So far in the pre-season the Atlanta Thrashers are prefect at home (2-0) and imperfect on the road (0-3); however, the pre-season isn't really about team wins and losses so much as about individuals competing for NHL jobs. The Thrashers have more depth than at any other pont in their 10 year history. Head Coach John Anderson appeared pleased by the quality of the job competition this fall.
"When you have competition for spots that is a good thing. It makes my job a lot more difficult, but it makes your team better. Last year I don't think we had as many competitive players, perhaps some guys got positions because we didn't have anything else [better]. Certainly, we're much deeper [this year]."
When asked to assess who stood out in this game, Coach Anderson praised two try out players."I thought Popovic had a good game--a great game--and I thought Afinogenov played really well too." He also had some postive comments about Dan Fritsche and his skill set. "He's gotten better as the camp went along. He's kind of an awkward skater--but he gets there, strong along the wall and he's not afraid to block shots and good on the penalty kill--something we needed last year."
The Thrashers will have to make their final cuts very soon as there is only one pre-season game remaining before the home opener. I asked John Anderson what sort of skills he was looking for in that 13th forward role as he weighs his options. Would he prefer a scorer or a checker? Anderson replied, "50 goal scorer" with a grin on his face. He went on stress the importance of talent. "Certainly we want the best high-skill player that we can get because he has to fit into multiple roles, not just one position."
Defense is certainly one red hot job battle as Mark Popovic is competing with returning NHL players: Valabik, Oystrick and Salmela. I talked to Nathan Oystrick after the game about how he approached his summer prepartion after a full year in the NHL:
"Obviously I learned a lot of things last year about what I needed to do in order to stay here. Definately one thing was getting stronger and getting ready to play with some ice time. I thought I had a great summer working out in Atlanta with our strength coach Ray Bear. I thought it paid off."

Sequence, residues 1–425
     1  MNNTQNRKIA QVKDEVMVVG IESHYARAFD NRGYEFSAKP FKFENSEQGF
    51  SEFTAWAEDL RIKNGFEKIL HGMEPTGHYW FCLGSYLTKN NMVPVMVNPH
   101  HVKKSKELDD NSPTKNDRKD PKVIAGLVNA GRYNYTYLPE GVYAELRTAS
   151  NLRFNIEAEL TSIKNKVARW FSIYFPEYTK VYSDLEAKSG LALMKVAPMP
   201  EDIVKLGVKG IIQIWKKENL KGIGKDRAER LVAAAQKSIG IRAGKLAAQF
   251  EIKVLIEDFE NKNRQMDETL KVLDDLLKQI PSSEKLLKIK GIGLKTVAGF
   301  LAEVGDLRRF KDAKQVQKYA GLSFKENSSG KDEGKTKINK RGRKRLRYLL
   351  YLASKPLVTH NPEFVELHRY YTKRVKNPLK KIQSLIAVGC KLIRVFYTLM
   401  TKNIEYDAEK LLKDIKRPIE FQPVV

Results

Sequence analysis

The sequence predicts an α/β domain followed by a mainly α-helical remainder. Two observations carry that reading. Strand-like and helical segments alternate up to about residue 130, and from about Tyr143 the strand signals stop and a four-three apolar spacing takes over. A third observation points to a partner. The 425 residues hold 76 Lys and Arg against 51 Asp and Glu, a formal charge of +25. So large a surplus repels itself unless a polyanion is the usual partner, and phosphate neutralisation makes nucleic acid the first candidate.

Because of his age and number of years as a pro player, Oystrick was eligible for unrestricted free agency this summer. During the off sesaon, he could potentially sign with any organization or go overseas and play in Europe, but he returned to the Thrashers.
"I had a couple of calls early on in Free Agency but nothing really enticing and I've been a part of Atlanta's organization since they drafted me in 2002. So I felt a bit of an obligation to come back. We have a great group of guys in this organization--players, coaches and GMs--everyone I'm familiar with. It is a comfortable place to be, and I hope everything works out well."
Oystrick was very realistic about the intense jockeying that is taking place for the final NHL defenseman jobs in the Thrashers Camp. I asked him to assess his performance thus far in the pre-season:
"I don't think I'm ever satisfied with the way I play. There are always things you can work on. I'm still relatively young compared to many guys here. People are battling for spots and there are some great players [here]--after the top 4 guys, I don't think anyone's job is safe on the blueline. So I have to come and work as hard or harder than them. I have to play my game and hopefully impress someone and beat someone out."
Another intense Thrashers Training Camp battle is at the goal position. Manny Legace played the first two periods and Drew MacIntyre played the 3rd. This was Legace's first look at live game action in the pre-season. I asked Legace how he prepared for his first game.
"I like to challenge guys in practice. There are some very talented guys on this club and they can keep you sharp pretty quick. If keep razzing on them and they want to score on you."
Legace played a very stong 2 periods facing several point blank shots in the 1st when the Thrashers were badly out shot. Legace was really a victim of a two bad bounces. The second goal was an especially tough break as it hit the defenseman's stick blade and radically changed direction. Legace could easily have had a shutout going into the 3rd. As a longtime NHL veteran Legace was philosophic about those plays.
"That first goal I came out and made a save and it went to the guy's stick and it was a bang-bang play and I couldn't get back to the post that quick. The second goal was an unfortunate bounce, [Postma] was trying to make a good play and pick off a pass--that just happens."
Legace has an extensive NHL resume with stops in Los Angeles, Detroit and St. Louis. He was an unrestricted free agent this summer and is attending the Thrashers camp on a try out contract. I asked him how he came to be in the Thrashers Camp.
"They were the ones that called me first. I talked to a few different teams. Obviously at this point in my career, it wasn't the right situation contract-wise. They opened their hands and invited me to camp and I couldn't tell my agent fast enough. I wasn't going to wait around for a see if anyone else made an offer."
Because of his extensive NHL experience with multiple franchises, I asked him to assess the Thrashers locker room and the team's potential:
"I love the talent and the drive. We could do some damage, if we can put it together defensively and be on the same page from the start--there's a lot of talent in this dressing room--who knows what could happen."
As the clock ticks down on the pre-season the Thrashers face many tough roster decisions. Additional cuts are expected Saturday and the team will only be allowed to carry 23 healthy players when the regular season kicks off on Oct. 3rd.